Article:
stick together.
(ii): A and B are at rest on opposite. They roll
down, collide head-on and stick together.
Which statement is true about the two-cart
system just after the carts collide and stick
in the two cases?
1.
2.
3.
4.
5.
The kinetic energy of the system is zero
in case (ii).
The kinetic energy of the system
is greater in case (i) than in case (ii).
The kinetic energy of the system
is greater in case (ii) than in case ii).
The kinetic energy of the system is
the same in both cases (but not 0).
More than one statement is true.
Two identical carts A and B roll down a hill and collide as
shown in the figures at the right.
(i): A starts from rest. It rolls down and collides head-on
with B which is initially at rest on the ground. The two carts
stick together.
(ii): A and B are at rest on opposite. They roll
down, collide head-on and stick together.
Which statement is true about the two-cart
system just before the carts collide
in the two cases?
1.
2.
3.
4.
5.
The momentum of the system is zero
in case (ii).
The momentum of the system
is greater in case (i) than in case (ii).
The momentum of the system
is greater in case (ii) than in case ii).
The momentum of the system is
the same in both cases (but not 0).
More than one statement is true.
Two identical carts A and B roll down a hill and collide as
shown in the figures at the right.
(i): A starts from rest. It rolls down and collides head-on
with B which is initially at rest on the ground. The two carts
stick together.
(ii): A and B are at rest on opposite. They roll
down, collide head-on and stick together.
Which statement is true about the two-cart
system just after the carts collide and stick
in the two cases?
1.
2.
3.
4.
5.
The momentum of the system is zero
in case (ii).
The momentum of the system
is greater in case (i) than in case (ii).
The momentum of the system
is greater in case (ii) than in case ii).
The momentum of the system is
the same in both cases (but not 0).
More than one statement is true.
A spring-loaded toy dart gun is used to shoot a dart
straight up in the air, and the dart reaches a maximum
height of 24 m. The same dart is shot straight up a
second time from the same gun, but this time the spring
is compressed only half as far before firing. How far up
does the dart go this time, neglecting friction and air
resistance and assuming an ideal spring?
1.
2.
3.
4.
5.
6.
7.
96 m
48 m
24 m
12 m
6m
3m
Something else
The diagram depicts two pucks on a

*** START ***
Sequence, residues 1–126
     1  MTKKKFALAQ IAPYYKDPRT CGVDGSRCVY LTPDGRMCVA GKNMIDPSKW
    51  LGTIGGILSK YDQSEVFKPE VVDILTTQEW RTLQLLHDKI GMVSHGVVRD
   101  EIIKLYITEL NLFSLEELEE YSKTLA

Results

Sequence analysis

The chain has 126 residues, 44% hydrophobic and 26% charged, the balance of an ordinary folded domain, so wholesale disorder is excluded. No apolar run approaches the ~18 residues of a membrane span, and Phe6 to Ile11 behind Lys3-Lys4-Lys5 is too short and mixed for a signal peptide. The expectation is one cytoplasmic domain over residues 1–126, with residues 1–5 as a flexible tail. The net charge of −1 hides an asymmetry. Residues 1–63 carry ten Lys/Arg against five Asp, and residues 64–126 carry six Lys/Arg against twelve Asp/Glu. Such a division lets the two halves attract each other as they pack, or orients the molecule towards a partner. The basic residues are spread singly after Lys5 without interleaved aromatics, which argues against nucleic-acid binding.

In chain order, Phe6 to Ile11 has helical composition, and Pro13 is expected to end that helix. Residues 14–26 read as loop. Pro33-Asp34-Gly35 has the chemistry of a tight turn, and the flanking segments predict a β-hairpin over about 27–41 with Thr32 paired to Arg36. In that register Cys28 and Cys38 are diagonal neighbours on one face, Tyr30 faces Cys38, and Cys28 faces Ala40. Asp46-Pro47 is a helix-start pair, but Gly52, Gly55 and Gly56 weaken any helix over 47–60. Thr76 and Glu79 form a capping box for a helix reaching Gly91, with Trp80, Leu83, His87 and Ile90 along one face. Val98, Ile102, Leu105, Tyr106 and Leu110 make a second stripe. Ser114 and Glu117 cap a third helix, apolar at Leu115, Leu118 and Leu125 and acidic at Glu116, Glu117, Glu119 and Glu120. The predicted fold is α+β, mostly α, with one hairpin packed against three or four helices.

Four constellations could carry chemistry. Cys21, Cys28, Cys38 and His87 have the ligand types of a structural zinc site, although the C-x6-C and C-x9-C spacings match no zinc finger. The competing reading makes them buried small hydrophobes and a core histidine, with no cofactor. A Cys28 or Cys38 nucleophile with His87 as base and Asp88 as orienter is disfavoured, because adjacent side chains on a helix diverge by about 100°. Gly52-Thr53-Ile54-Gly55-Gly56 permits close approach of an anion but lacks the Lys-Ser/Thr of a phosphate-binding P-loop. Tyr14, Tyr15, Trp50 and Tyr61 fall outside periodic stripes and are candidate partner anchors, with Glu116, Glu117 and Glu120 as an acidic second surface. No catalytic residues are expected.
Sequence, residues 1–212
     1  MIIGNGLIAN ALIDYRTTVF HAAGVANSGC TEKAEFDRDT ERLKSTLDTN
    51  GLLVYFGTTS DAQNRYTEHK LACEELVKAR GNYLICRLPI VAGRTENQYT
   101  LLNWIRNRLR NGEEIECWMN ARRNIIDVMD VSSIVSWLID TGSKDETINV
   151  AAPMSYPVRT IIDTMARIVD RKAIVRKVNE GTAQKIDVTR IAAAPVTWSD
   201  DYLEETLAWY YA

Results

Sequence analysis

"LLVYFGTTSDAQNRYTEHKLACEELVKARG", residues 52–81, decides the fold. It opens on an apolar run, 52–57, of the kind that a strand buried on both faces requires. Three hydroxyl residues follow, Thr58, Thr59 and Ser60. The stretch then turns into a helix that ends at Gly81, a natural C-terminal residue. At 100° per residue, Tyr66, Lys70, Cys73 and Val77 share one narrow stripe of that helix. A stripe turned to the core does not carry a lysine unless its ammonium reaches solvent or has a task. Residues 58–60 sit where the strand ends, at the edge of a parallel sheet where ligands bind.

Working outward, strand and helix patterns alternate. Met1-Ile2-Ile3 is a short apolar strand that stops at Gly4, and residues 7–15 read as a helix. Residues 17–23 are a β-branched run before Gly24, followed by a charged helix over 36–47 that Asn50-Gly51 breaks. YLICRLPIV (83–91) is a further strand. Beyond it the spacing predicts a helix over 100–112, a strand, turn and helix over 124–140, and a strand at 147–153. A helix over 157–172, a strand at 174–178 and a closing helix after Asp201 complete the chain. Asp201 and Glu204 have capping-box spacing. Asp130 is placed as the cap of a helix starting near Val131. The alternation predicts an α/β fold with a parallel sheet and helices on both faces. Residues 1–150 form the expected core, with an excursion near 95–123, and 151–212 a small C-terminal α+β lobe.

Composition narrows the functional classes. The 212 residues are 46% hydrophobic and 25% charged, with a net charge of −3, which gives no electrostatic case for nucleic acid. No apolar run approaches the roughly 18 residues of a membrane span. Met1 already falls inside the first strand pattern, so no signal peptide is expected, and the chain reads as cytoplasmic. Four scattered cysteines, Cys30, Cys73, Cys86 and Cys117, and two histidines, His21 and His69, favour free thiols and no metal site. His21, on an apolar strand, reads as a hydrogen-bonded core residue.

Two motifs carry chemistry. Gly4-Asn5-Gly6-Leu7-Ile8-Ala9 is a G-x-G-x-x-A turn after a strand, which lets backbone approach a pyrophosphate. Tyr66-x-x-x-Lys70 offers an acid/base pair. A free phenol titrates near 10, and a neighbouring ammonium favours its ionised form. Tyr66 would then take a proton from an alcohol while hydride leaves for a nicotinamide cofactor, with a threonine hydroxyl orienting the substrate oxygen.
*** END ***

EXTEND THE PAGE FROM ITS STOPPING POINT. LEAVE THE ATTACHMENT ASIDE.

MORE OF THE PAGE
frictionless table. Puck II is four times
as massive as puck I. Starting from
rest, the pucks are pushed across the
table by two equal forces.
Which puck will have the greater KE
upon reaching the finish line?
A. Puck I
B. Puck II
C. Both will have the same.
D. There is not enough information to
decide.
The diagram depicts two pucks on a
frictionless table. Puck II is four times
as massive as puck I. Starting from
rest, the pucks are pushed across the
table by two equal forces.
Which puck reach the finish line first?
A. Puck I
B. Puck II
C. Both will have the same.
D. There is not enough information to
decide.
The diagram depicts two pucks on a
frictionless table. Puck II is four times
as massive as puck I. Starting from
rest, the pucks are pushed across the
table by two equal forces.
Which puck will have the greater
momentum upon reaching the finish line?
A. Puck I
B. Puck II
C. Both will have the same.
D. There is not enough information to
decide.
A bulldog on a skateboard is moving very slowly
when he encounters a 2 m dip. How fast will he be going
when he is at the bottom of the dip? The bulldog and
skateboard combined have a mass of 20 kg.
Friction and air drag can be ignored.
1. Very slowly
2. About 2 m/s
3. About 6 m/s
4. You can’t tell from the
information given.
A bulldog on a skateboard is moving very slowly
when he encounters a 2 m dip.
The bulldog and skateboard combined have a mass of 20 kg.
What is their total mechanical energy?
1. Almost zero
2. About 200 Joules
3. About 600 Joules
4. You can’t tell from the
information given.
A bulldog on a skateboard is moving very slowly
when he encounters a 2 m dip. How fast will be be going
when he is at the bottom of the dip? The bulldog and
skateboard combined have a mass of 20 kg.
Friction and air drag can be ignored.
1. Very slowly
2. About 2 m/s
3. About 6 m/s
4. You can’t tell from the
information given.
A bulldog on a skateboard is moving very slowly
when he encounters a 2 m dip. The bulldog and skateboard
combined have a mass of 20 kg.
What is their total mechanical energy?
1. Almost zero
2. About 200 Joules
3. About 600 Joules
4. You can’t tell from the
information given.
A bulldog on a skateboard is sitting at the bottom
of a 2 m dip. How much KE do you have to give them so
they will roll out of the dip? The bulldog and skateboard
combined have a mass of 20 kg.
Friction and air drag can be ignored.
1. None
2. About 400 Joules
3. About 600 Joules
4. You can’t tell from the
information given.
A bulldog on a skateboard is sitting at the bottom
of a 2 m dip. How much KE do you have to give them so
they will roll out of the dip? The bulldog and skateboard
combined have a mass of 20 kg.
Friction and air drag can be ignored.